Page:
something that defines the themes you choose. I believe it happens very early in your

life. In my case, I prefer sci-fi what can be obviously tracked back to movies, comic

books and cartoons I watched as a child. It’s more less unconscious process; it shapes

the future artist in you, turns you into a storyteller who is looking for ways and means

to tell these stories.

 

 

On the other hand, finding an inspiration is rather a conscious process. Nowadays,

with the Internet, inspiring things are all around you. It’s never been easier to get that

art book you heard about or watch a live stream from a conference happening half a

way around the globe. There are a lot of art sites providing inspiration and insight into

what’s popular at the moment. Thanks to the Internet, you can also choose to be an

inspiration to others.

 

S.  Could you describe a “regular” working day of your artist's life?

 

A. I usually plan my day ahead, so I never start my work thinking ‘OK, so now

what…?’. When you’re on a project, especially a long-term one, you need to keep

track of what you have done so far, what needs to be adjusted and what is expected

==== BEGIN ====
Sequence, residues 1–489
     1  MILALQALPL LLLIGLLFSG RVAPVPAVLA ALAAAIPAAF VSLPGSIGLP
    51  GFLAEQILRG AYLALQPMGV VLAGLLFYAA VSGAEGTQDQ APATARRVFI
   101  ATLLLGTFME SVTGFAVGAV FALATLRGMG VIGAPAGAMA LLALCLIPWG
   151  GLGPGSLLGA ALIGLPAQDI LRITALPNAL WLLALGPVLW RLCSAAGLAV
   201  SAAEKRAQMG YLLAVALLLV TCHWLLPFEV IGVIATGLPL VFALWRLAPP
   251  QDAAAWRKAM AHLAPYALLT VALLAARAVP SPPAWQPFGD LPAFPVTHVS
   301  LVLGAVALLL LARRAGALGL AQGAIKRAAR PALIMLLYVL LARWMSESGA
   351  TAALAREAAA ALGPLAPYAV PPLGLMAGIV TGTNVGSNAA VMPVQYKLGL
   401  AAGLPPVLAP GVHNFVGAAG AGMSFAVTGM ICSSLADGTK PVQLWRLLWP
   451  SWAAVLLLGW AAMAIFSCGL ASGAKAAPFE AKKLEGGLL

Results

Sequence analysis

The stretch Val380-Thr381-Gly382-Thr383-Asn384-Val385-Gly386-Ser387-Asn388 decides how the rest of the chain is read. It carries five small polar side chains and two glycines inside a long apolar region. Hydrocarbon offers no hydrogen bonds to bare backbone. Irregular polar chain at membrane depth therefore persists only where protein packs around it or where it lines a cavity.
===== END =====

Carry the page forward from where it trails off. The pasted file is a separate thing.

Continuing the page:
next. I always try to do the most creative and design-intense work at the beginning of

my workday, for example, to establish the painting or to come up with an interesting a

design. The rest of the day is then set and I can relax, knowing that the most difficult

part is done and all what’s left is to refine the whole thing. It’s important to stay

focused and devote all your energy at the beginning, when you’re still fresh. It

happens that creative artists need to work long hours (although, it’s usually due to

their poor time management) but the longer you work, the more difficult it is to come

up with interesting ideas and good solutions. You just turn into a machine trying to

get to the finish line.

It may not look like it for an observer but creative process can be really exhausting,

especially on bigger projects that can last for months. Coming up with good ideas

continuously, day after day, is not easy. That’s why things like proper time

management, collecting resources, setting milestones, efficient personal pipeline and

right pace are crucial. You may have a lot of enthusiasm and great ideas at the

beginning but after many weeks of hard work, it may feel like you’ve enrolled in a

factory. If you’re not careful, you may get burned out.

 

S. We have seen your works in blockbusters such as Jupiter Ascending  or Cloud Atlas,

 when you have to work on such big projects, what is your regular approach?

 

A. It always starts with the brief you get from the client, which can be very loose (in the

initial “blue sky” stage) or very precise (during refinement). You may also work with

assets created by other artists, if certain elements or style have already been